The Telecom Regulatory Authority of India (TRAI) has recommended that mobile virtual network operators (MVNOs) be made lawful in India.
The recommendation goes to the Department of Telecommunications, which makes the final decision.
Trai has recommended 10-year periods for the licenses, which could be reviewed after three to four years.
MVNOs would be required to pay government license fees and spectrum usage charges (a percentage of gross revenue) at the same rates as paid by telecom operators.
Up to this point, some marketing and branding efforts somewhat similar to an MVNO business model have been tried in India, largely without success.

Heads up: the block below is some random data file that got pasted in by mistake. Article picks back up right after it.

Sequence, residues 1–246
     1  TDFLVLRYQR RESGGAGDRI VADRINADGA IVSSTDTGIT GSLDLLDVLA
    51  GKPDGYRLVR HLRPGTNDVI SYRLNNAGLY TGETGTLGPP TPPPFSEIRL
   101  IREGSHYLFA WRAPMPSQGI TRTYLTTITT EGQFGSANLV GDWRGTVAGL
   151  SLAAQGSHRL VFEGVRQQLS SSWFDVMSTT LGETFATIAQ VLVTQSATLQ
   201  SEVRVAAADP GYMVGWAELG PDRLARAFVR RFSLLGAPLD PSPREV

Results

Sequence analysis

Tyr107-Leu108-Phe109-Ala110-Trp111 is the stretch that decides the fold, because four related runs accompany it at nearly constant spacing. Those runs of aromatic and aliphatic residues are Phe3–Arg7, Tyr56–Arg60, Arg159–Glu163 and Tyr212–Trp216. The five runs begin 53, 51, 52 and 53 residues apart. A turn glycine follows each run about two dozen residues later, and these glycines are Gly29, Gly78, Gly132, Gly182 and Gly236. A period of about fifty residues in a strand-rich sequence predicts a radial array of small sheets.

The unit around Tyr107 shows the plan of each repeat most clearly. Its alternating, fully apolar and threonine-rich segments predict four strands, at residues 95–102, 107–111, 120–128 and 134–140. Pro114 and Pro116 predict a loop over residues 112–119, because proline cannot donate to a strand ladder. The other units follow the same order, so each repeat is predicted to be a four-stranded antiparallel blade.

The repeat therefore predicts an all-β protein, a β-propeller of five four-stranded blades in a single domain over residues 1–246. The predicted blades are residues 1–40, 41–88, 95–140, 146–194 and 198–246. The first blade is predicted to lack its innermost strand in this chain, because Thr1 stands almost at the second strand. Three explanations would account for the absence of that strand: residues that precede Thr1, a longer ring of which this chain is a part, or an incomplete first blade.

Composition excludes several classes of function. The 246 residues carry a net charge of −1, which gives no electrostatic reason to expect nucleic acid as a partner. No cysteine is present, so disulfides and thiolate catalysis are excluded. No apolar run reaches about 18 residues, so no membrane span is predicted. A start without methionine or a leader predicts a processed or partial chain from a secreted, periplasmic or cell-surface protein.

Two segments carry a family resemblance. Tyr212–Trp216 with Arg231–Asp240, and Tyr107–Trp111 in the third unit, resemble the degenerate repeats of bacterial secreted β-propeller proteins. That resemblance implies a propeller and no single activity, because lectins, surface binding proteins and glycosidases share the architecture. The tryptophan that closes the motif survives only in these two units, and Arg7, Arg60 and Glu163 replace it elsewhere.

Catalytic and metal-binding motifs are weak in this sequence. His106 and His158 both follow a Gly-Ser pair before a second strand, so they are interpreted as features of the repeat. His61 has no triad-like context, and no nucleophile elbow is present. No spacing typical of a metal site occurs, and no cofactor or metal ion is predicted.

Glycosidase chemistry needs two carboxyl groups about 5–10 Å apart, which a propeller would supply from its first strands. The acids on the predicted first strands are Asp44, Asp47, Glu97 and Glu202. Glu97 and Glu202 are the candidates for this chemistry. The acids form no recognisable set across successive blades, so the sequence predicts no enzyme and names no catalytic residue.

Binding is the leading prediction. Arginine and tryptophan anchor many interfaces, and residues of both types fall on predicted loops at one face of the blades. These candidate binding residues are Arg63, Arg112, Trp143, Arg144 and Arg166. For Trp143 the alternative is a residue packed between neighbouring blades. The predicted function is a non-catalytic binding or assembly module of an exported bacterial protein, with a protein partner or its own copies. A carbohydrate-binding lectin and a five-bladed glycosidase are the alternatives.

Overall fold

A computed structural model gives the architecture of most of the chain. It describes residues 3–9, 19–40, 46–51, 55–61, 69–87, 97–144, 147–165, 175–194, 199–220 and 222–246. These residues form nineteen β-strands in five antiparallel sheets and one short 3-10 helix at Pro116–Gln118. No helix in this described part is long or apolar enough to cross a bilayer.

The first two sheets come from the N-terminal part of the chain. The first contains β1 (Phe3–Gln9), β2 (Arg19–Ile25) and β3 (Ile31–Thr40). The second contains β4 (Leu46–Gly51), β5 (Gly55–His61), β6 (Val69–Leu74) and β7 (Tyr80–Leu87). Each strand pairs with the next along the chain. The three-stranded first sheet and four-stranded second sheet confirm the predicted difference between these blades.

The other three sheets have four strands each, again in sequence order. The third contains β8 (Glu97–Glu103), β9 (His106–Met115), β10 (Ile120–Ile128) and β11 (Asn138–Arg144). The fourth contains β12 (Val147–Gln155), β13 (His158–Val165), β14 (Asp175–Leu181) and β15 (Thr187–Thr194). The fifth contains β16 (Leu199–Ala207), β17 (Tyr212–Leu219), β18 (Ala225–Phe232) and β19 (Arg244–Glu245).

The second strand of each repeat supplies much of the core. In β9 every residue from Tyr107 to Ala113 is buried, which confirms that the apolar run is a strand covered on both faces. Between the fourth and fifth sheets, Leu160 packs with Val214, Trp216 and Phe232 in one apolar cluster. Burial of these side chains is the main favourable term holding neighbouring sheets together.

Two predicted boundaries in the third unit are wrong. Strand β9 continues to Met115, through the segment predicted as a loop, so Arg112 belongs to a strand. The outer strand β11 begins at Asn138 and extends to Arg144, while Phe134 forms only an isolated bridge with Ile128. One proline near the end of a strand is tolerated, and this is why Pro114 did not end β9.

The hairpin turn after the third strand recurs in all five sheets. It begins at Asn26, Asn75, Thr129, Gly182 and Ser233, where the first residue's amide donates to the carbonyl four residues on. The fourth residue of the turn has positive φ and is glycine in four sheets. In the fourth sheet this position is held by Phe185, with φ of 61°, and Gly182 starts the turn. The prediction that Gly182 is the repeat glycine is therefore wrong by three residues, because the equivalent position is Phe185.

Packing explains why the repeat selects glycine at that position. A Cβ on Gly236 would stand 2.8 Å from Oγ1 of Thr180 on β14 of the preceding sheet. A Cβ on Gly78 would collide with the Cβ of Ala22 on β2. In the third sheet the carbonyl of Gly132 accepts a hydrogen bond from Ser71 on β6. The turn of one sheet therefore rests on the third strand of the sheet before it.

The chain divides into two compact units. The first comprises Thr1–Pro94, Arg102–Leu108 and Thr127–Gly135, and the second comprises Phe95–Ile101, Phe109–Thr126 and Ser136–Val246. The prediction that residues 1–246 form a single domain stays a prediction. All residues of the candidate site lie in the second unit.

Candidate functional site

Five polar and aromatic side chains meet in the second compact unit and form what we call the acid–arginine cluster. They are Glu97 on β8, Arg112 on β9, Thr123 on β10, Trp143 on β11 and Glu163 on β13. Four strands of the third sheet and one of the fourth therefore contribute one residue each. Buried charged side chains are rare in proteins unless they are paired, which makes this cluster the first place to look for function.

And some observers might note that competition in India is not lacking. But new MVNO enabling rules would allow other firms not in the mobile business to become mobile service providers. Well-known brands are possible new contenders, especially in the largest urban markets where available infrastructure and the chance to create niche products is greatest.
Some observers might suggest India mobile markets are so competitive there is no room for additional retailers. That might be quite correct for standard prepaid mobile services. But in other countries, MVNOs based on language, for example, have proven successful. That could well be the case in the Indian mobile market.
Also, the MVNO route would allow other communications service providers and big brands to enter the market at lower cost than otherwise would be possible, leasing instead of building new facilities.